Making Your Own Behaviors
Exercise 1Setting Up Shop
Start by getting your working space in order. Create a custom behaviors folder for storing your exercise behaviors, and you'll learn a few of the quirks of reloading extensions when working with behaviors.
Make sure that Dreamweaver is running. One of the goals of this exercise is to see how behavior extensions reload.
Find and open the Configuration/Behaviors/Actions folder on your hard drive. Minimize or hide Dreamweaver, if necessary, so that you have access to your desktop.
Create a custom behaviors folder. In the Actions folder, create a new folder. Call it Development. Leave the folder empty for now.
In Dreamweaver, reload extensions. Ctrl/Opt-click the triangle at the top of the Objects panel, and choose Reload Extensionsthis is the same procedure you would follow when working with objects.
In the Behavior panel, access the behaviors list and look for a new submenu. Click the + sign in the inspector to open the behaviors list. A new folder should result in a new submenu appearing in the list.
Quit Dreamweaver and relaunch it. Then look again for the submenu. This time, your submenu should appear. Of course, it will be an empty submenu because the Development folder is empty. But your new behaviors will appear there. Every time you add a new behavior, you must quit and relaunch; when you modify an existing behavior, you can reload extensions without quitting.
Probably, however, you won't see any new Development submenu. Why not? Reloading extensions does not cause Dreamweaver to recognize new or renamed files or folders in the Actions folder; it recognizes only modifications within files. To get Dreamweaver to see the new submenu, you'll have to do it the old-fashioned way: Quit the program and launch again.
Exercise 2Making a Simple Behavior
A simple behavior is one that doesn't require arguments to be passed from the function call to the function, and that, therefore, doesn't need a form to collect user input. The simple behavior that you'll create in this exercise is a script that automatically resizes the browser window to a certain size.
Create and edit the exercise files in your favorite text editor or in Dreamweaver's Code Inspector. Save the behavior file into the Development folder created in the previous exercise. Save the test files in your working folder.
Test your behavior in a browser (or two). Open the test file in a browser and click on the test link. The window should resize.
Create a basic behavior file, with all structural elements in place. Create a new HTML file. This will be the behavior file, so save it in the Development folder in the Actions folder. Call it Resize400.html.
Relaunch Dreamweaver. If Dreamweaver is currently running, quit the program. Then launch the program again so that the new behavior loads.
Open the new test file in Dreamweaver and apply your new behavior. When the file is open in Dreamweaver, try to apply your behavior the same way you'd apply any behavior, by selecting the linked text and clicking the + in the Behavior panel. The new behavior should now appear in the behaviors list, under the Development submenu, as shown in Figure 4. The dialog box shown in Figure 4 should appear when you choose the behavior.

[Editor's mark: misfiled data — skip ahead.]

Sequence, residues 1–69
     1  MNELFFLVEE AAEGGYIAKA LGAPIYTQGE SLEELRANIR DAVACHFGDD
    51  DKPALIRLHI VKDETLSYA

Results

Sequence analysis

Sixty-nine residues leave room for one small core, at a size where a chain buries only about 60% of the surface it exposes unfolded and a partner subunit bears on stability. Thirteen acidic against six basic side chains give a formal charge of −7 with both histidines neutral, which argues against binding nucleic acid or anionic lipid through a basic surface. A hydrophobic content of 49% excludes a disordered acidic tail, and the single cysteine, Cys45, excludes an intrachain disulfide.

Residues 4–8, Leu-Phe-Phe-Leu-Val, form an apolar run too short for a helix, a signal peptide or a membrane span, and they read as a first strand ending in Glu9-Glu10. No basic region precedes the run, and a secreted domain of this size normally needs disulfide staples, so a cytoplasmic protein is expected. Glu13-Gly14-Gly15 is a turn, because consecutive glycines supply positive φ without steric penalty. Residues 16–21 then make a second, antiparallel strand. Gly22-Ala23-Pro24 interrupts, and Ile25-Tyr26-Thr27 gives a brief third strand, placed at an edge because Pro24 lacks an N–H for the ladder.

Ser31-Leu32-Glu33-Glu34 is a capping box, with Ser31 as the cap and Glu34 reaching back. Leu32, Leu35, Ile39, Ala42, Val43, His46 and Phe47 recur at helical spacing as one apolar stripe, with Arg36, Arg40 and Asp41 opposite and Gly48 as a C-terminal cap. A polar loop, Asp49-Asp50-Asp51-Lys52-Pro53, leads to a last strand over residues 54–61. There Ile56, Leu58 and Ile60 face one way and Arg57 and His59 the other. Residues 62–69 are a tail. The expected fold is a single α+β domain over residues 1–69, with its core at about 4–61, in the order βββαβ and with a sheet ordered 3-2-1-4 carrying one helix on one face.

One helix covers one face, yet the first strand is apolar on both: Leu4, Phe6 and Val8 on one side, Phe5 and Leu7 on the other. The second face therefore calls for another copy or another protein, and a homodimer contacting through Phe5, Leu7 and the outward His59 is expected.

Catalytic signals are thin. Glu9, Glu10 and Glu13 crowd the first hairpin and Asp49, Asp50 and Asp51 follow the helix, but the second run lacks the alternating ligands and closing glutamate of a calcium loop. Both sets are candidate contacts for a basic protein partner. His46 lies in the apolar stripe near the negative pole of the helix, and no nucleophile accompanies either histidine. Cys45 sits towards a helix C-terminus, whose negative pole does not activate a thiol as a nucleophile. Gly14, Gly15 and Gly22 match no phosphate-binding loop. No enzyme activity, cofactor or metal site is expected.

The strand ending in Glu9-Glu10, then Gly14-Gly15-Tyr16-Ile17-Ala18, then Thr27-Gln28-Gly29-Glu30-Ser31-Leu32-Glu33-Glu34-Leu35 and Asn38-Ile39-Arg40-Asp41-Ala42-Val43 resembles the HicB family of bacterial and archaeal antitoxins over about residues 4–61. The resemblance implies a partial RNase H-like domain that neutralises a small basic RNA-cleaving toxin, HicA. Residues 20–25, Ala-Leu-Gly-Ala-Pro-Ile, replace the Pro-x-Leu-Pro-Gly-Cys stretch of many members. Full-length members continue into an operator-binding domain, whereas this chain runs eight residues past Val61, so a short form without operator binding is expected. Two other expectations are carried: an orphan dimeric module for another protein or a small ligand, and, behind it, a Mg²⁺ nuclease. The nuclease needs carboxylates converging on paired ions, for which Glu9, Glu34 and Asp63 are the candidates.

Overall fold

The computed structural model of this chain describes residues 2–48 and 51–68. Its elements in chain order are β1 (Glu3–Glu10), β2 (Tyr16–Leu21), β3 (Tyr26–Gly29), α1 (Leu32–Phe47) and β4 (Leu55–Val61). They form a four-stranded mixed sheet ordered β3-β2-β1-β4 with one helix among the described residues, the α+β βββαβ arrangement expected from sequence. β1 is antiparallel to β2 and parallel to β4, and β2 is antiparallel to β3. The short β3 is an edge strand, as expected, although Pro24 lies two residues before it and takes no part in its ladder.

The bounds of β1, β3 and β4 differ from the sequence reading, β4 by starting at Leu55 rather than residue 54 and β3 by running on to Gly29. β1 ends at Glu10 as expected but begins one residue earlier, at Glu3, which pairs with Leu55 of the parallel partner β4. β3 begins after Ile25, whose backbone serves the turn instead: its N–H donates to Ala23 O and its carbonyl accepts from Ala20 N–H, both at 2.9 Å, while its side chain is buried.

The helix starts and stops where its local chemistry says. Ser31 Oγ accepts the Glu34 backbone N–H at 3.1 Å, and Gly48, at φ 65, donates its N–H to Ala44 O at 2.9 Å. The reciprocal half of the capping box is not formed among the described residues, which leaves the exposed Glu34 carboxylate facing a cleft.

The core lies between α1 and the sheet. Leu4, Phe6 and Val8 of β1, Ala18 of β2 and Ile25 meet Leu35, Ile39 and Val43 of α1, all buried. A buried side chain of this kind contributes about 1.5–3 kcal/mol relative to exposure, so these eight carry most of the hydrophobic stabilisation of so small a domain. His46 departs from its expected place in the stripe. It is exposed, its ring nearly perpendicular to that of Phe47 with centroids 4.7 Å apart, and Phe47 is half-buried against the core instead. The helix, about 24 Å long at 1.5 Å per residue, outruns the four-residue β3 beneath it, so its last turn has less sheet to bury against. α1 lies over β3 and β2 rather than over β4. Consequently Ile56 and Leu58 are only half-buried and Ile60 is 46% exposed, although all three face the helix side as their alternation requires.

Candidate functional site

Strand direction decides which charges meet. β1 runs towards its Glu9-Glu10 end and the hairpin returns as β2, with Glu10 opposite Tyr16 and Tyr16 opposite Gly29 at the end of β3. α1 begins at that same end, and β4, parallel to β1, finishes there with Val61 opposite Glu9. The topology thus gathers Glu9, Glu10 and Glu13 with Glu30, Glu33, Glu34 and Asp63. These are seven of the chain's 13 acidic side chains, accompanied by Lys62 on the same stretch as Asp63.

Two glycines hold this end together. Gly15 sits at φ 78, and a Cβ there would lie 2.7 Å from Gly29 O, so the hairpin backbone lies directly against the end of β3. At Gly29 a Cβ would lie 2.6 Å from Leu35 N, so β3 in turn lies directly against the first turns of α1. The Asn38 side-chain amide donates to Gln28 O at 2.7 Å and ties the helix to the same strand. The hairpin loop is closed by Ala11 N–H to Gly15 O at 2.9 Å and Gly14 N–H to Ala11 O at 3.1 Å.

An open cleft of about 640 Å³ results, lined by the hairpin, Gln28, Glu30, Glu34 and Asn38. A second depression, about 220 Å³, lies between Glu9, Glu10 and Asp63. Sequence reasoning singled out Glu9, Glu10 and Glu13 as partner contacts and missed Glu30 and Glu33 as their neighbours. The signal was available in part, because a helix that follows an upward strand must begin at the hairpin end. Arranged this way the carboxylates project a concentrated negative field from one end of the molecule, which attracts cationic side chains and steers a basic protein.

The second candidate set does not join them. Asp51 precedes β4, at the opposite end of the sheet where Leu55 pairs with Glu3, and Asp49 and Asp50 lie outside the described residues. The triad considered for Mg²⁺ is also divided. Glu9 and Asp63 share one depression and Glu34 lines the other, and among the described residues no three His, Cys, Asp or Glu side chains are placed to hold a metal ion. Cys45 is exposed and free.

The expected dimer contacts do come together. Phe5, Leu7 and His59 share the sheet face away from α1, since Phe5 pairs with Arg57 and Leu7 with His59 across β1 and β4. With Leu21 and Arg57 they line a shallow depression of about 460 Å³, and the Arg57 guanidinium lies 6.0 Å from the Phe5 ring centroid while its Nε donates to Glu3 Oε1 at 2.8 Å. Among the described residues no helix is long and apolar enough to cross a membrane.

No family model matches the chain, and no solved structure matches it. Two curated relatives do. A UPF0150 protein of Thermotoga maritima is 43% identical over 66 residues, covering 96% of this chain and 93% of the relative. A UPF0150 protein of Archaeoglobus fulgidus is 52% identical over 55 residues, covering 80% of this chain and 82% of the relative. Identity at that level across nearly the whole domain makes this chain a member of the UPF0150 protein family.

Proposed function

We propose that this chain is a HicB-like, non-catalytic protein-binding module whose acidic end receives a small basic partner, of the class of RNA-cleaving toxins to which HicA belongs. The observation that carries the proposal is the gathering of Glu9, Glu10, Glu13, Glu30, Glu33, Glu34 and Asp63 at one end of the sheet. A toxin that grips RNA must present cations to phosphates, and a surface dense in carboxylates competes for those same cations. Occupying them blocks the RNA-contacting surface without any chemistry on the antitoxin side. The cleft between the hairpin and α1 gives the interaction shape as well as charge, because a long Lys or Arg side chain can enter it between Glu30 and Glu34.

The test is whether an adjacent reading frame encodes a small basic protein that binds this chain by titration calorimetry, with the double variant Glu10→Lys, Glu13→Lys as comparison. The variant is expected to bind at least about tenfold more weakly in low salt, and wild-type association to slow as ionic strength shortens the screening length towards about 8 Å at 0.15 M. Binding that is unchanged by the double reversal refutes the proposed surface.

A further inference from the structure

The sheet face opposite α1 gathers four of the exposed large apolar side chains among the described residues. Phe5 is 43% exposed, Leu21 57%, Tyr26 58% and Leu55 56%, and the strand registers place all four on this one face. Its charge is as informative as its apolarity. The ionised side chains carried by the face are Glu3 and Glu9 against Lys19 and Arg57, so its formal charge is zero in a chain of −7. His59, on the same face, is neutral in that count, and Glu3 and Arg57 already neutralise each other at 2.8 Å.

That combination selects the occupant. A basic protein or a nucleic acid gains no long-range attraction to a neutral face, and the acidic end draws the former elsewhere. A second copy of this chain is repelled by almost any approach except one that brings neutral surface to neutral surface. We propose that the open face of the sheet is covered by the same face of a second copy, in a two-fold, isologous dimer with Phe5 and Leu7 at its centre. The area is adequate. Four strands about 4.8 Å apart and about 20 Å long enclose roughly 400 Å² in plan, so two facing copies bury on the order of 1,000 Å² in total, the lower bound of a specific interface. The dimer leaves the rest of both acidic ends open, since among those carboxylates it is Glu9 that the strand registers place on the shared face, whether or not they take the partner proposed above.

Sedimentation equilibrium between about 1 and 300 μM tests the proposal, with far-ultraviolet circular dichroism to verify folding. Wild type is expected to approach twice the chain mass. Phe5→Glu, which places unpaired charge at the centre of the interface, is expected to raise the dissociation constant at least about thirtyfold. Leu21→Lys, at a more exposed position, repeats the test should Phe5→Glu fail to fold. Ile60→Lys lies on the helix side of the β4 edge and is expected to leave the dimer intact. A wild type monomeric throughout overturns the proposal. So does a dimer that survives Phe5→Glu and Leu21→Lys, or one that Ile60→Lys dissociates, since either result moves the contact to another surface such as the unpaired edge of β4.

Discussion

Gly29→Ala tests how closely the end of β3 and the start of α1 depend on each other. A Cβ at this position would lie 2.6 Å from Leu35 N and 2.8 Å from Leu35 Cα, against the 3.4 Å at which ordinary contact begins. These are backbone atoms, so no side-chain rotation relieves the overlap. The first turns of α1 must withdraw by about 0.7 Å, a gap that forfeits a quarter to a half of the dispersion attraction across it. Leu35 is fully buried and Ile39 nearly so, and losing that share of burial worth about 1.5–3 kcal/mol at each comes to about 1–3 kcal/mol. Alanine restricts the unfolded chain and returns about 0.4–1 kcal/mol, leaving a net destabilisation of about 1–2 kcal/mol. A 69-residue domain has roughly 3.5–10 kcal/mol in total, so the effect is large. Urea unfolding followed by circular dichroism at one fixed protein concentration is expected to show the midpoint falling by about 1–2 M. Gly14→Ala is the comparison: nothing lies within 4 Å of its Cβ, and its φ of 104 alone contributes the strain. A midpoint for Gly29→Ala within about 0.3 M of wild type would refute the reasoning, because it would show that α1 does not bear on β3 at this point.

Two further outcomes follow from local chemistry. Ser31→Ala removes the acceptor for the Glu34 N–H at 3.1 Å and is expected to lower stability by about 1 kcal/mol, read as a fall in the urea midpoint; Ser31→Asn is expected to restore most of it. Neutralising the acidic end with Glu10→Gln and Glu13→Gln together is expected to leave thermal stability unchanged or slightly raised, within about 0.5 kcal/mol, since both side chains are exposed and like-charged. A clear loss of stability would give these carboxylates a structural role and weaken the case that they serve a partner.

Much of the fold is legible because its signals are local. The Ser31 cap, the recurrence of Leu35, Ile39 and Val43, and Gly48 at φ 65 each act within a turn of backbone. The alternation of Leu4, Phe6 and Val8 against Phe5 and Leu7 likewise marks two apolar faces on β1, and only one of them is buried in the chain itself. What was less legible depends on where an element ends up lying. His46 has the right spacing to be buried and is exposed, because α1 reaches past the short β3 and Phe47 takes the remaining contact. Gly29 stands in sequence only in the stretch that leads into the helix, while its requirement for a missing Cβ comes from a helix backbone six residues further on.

The first step in creating a successful behavior is writing and testing a stable, functional script for the behavior to insert into a user document. This file is where you will do just thatit isn't going to be the behavior file, so save it in your working folder, not the Development folder. Call it resize400_test.html.
If there's a problem, go back to the code and do some troubleshooting until the window resizes. The script needs to work before the behavior that inserts it will work. For best results, of course, try the behavior in several major browsers before declaring it "well-behaved."
Start by entering the framework code, as shown in Figure 2. Then, add your newly devised function and function call in the appropriate places. Your final code should look like this (elements that have been customized from the basic framework are shown in bold):
Your code for the new file should look like this:
<html> <head> <title>Testing Resize Behavior</title> </head> <body> <a href="#">Click me!</a> </body> </html>
Figure 4 The various interface elements for the Resize Window behavior: the behaviors list, with Development submenu and behavior's menu entry, and the resulting dialog box.
If there are no syntax errors, you'll be allowed to choose and apply your behavior. But this doesn't mean that the code was inserted correctly. Follow these steps to check to see if the code was inserted correctly:
Examine the file's HTML source code to see if the script got properly inserted. Open Dreamweaver's Code Inspector and take a look at the code. It should look the same as the code you entered yourself, back in step 1 in Exercise 2.
If it doesn't look the same, you'll need to do some troubleshooting. Look for the differences between the inserted code and the original, hand-entered code. Then examine your behavior file. Find out how the two correlate, and adjust the behavior file. Then try the behavior again.